Rolando Salazar "Sal" 66 – 67
In late 1965, the U.S. began to increase its military presence in South Vietnam. I was attending college, but because of the need for more troops, my student deferment was cancelled and I was called to duty in the Army shortly after in February 1966. I was trained at Ft. Hood, TX and assigned to HHC, 1st Battalion, 41st Infantry Regiment (Mechanized), 2nd Armored Division–a distinguished unit which had received the Presidential Unit Citation during WWII and whose motto was “Straight and Stalwart.” I trained with 4.2-inch mortars mounted on tracks and concentrated on Fire Direction Control. We also went through a jungle-training course in the fall of that year.
In December 1966, I was assigned to the mortar platoon of Company D, 2nd Battalion, 7th Cavalry Regiment, 1st Cavalry Division. I was sent to the battalion base camp near Phan Thiet, VN, where I served the entire year, The 2/7th had been sent there in August 1966 and our mission was to open the supply routes into and out of Binh Thuan province. It was necessary to clear the area of NVA regulars and Viet Cong units operating there. I was a mortar crewman for half of my tour and was promoted to “Chief Computer” of the FDC for the last half of my tour. We patrolled with the company, using 81-mm mortars or a 60-mm mortar, which we had recaptured from a VC unit early in the year. We had pretty much accomplished the mission when my tour ended and I left for home in December 1967. Shortly after I left, the battalion was moved north to relieve the Siege at Khe Sanh and participated in heavy action in the Ashau Valley and other areas where the Cavalry was needed. We sustained heavy casualties during those campaigns. Units of the 101st Airborne had replaced the 2/7th at Phan Thiet and they, too, had heavy casualties especially during the Tet Offensive of 1968.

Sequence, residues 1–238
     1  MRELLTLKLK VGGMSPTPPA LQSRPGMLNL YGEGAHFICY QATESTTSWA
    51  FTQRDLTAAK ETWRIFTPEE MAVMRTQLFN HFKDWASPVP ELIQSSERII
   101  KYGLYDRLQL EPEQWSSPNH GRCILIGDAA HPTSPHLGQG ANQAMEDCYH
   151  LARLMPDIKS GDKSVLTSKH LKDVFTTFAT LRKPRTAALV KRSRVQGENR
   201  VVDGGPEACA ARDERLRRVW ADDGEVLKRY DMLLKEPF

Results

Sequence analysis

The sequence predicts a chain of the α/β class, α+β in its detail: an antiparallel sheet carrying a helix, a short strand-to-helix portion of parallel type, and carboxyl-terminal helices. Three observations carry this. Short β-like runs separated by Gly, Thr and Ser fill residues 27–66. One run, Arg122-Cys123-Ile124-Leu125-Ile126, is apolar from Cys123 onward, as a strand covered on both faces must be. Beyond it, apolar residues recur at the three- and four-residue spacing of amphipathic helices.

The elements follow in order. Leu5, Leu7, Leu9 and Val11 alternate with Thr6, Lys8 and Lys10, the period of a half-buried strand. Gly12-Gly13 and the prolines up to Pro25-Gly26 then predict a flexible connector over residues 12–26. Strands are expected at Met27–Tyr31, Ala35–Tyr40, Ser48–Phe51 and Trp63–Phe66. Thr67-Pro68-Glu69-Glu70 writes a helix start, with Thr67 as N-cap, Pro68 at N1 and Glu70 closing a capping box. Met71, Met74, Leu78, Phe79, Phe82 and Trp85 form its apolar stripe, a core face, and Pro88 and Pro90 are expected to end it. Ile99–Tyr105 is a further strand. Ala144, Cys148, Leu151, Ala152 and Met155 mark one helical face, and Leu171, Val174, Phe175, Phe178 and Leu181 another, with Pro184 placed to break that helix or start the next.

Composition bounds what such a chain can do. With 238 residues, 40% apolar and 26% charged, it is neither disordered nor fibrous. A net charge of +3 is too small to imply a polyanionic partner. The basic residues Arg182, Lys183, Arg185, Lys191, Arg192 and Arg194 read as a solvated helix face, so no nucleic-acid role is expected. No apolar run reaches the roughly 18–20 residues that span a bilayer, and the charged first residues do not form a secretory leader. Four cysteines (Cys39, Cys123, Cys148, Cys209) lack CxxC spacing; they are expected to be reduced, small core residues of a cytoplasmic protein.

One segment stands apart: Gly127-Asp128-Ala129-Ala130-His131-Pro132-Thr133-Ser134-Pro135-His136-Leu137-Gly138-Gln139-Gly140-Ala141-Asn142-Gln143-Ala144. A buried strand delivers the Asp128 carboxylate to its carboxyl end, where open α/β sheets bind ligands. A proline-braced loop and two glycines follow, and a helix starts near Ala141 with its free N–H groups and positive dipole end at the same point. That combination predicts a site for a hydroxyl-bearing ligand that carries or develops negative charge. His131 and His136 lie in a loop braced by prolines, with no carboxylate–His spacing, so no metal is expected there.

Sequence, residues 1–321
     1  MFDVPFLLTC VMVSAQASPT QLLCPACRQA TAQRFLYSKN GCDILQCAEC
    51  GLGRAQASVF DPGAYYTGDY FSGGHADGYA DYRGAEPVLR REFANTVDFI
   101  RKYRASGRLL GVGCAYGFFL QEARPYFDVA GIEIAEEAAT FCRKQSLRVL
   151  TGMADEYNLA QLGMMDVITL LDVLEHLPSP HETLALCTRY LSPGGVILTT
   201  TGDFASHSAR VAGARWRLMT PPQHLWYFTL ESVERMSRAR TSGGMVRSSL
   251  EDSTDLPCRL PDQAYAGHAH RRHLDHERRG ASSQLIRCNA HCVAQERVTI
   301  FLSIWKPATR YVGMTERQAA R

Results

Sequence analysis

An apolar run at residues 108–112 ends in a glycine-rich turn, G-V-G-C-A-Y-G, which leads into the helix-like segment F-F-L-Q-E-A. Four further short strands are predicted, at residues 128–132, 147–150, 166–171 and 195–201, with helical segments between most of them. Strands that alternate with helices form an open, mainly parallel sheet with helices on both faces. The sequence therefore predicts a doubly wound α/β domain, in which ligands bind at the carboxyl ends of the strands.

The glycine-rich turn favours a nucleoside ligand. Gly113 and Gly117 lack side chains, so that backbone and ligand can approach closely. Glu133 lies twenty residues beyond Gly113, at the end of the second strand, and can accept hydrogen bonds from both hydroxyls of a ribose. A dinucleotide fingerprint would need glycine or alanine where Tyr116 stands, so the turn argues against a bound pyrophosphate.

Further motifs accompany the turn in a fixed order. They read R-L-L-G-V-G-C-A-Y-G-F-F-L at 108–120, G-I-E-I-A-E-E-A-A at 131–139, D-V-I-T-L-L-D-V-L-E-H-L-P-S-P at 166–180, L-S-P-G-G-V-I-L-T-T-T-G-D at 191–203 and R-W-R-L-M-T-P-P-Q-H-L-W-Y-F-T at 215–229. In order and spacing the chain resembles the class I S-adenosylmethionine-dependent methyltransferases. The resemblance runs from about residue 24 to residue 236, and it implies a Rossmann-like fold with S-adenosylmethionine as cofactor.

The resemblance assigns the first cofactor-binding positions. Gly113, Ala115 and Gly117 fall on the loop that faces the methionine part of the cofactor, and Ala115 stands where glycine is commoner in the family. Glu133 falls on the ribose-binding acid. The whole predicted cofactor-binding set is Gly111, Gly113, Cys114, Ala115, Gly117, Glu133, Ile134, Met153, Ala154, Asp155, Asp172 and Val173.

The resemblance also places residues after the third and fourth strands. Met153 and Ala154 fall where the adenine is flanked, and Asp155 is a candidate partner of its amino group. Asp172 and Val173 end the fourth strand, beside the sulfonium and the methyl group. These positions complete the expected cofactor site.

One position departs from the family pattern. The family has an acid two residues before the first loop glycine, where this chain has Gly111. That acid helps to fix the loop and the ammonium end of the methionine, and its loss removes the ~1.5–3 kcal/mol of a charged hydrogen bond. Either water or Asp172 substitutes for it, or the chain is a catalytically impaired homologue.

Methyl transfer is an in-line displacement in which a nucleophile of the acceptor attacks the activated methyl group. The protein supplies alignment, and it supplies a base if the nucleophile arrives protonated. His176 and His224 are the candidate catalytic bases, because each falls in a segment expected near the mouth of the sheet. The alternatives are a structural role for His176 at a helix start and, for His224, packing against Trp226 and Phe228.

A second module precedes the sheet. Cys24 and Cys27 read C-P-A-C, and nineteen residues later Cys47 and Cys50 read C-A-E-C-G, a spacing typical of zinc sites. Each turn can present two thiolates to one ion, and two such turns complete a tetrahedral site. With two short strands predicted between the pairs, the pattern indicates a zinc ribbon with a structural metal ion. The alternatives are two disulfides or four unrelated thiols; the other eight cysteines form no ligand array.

After returning home to San Francisco, California, I earned a Bachelor of Science degree in Transportation and a Master of Business Administration degree and worked for one of the major railroads in the U.S. I organized and managed a group that trained our marketing employees throughout the country on computer applications. I retired after having been with the company for 30 years.
Because I have been involved with veterans associations here in the U.S., I was attracted to and I connected with some of the Vietnam re-enacting groups in the U.K., particularly the UKAC. At the UKAC, I met and became friends with some former members who organized the AFVN Living History Group. I am sure that their previous experience in re-enacting and their strong knowledge of the history of the Vietnam War will make theirs an excellent addition to the groups providing living history in the U.K.